Porton: How have your ideas on marriage evolved? Although you seemed cynical about it after your first marriage, your views seemed to change when you married Kimberly Conrad. But that venture was unsuccessful as well.
Hefner: That's true. I think marriage is perfectly appropriate for many people. When it works, it's one of the best ways to raise children. But there are many roads to Mecca. I've tried it both ways. I won't pretend that my happiest times were when I was married. They weren't.
Porton: I believe you were monogamous up to the time you started the magazine in 1953. I read that you were shocked when your wife-to-be admitted that she had recently had an affair.
Hefner: Yes, that's true. Well, I was an innocent at the time. And it really was a shock because it came the night before we were going to be married. I think it was her way of saying that she wasn't sure about the marriage.
Porton: Perhaps you should have taken it as a warning sign.
Hefner: I think I should have. It would have saved everyone a lot of trouble. But I wouldn't have had my great, wonderful children!
Porton: Do you think a permanent blow was struck against Playboy during the Reagan era, particularly since Edwin Meese, the attorney general during that era, launched an anti-pornography crusade? Of course, I realize that you don't consider Playboy pornographic.
Hefner: Yes, the Christian right helped put Reagan in the White House. This was the beginning of the resurgent connection between religion and politics. It hasn't been very good for politics and it hasn't been very good for religion. Once he was elected, it was payback time. To those who helped him get elected, he gave the Meese Commission. And the Meese Commission conducted a cross-country witch-hunt. In the case of Playboy, Meese actually apologized. But it was too late; the harm had already been done. And we never got the same newsstand distribution after that period. Only in America!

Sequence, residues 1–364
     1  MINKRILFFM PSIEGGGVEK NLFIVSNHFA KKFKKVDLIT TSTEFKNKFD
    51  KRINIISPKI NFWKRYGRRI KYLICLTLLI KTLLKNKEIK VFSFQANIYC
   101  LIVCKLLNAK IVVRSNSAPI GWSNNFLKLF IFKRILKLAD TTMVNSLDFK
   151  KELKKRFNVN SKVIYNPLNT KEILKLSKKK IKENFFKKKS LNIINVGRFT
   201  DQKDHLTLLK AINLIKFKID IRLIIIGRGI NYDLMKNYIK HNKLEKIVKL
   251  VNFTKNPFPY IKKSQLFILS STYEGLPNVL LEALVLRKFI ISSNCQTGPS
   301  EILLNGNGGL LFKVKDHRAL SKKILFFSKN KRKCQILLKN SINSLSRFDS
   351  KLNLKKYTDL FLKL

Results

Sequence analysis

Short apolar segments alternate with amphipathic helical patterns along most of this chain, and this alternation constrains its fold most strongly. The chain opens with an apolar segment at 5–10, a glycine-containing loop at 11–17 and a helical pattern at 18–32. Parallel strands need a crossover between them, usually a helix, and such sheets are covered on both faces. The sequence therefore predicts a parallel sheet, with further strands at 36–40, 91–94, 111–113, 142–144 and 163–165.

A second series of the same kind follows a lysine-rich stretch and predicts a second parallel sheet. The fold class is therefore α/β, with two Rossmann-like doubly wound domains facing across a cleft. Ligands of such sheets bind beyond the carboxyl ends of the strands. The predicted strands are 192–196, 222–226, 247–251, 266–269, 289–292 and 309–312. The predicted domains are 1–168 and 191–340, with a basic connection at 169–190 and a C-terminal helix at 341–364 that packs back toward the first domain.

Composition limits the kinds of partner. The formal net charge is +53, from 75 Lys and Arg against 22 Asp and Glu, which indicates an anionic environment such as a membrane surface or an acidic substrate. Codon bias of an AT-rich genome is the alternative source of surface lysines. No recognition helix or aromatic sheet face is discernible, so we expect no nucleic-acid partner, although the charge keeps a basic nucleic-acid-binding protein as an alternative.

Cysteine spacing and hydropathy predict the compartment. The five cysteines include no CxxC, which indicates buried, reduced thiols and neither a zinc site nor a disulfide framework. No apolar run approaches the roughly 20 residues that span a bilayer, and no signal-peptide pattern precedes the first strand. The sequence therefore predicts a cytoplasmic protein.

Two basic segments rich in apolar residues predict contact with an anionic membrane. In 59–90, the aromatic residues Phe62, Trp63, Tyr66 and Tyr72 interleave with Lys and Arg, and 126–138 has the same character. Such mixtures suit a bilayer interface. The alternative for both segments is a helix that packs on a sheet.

Porton: So this is what led you into other forms of media?
Hefner: Yes, but frankly early on, as a single title company, the strength of the brand led us into other directions. The first Playboy products—cuff links, T-shirts, and things of that kind—began in the late '50s and the first Playboy club opened in 1960. In their early years, the Playboy clubs were so hugely popular that the company's ability as a "branding" vehicle became obvious. Frankly, in the early years the magazine carried the brand while I think that, in the future, the brand will increasingly help to carry the magazine.
Porton: Playboy has always had links to consumerism—products such as stereo equipment and high-end scotch.
Hefner: That's what the magazine was really all about. It was a lifestyle magazine for single men.
Porton: What would you like people to take away from Berman's documentary? Or, perhaps to put it another way, what would you like your legacy to be?
Hefner: I would like to be remembered as someone who contributed to, and changed the sexual and social values of my time. And I think my place within that corner of history is fairly secure.
Richard Porton is one of the editors of Cineaste magazine in New York and has written on film for Cinema Scope, In These Times, and Moving Image Source. His anthology, On Film Festivals (Wallflower Press), was published in 2009.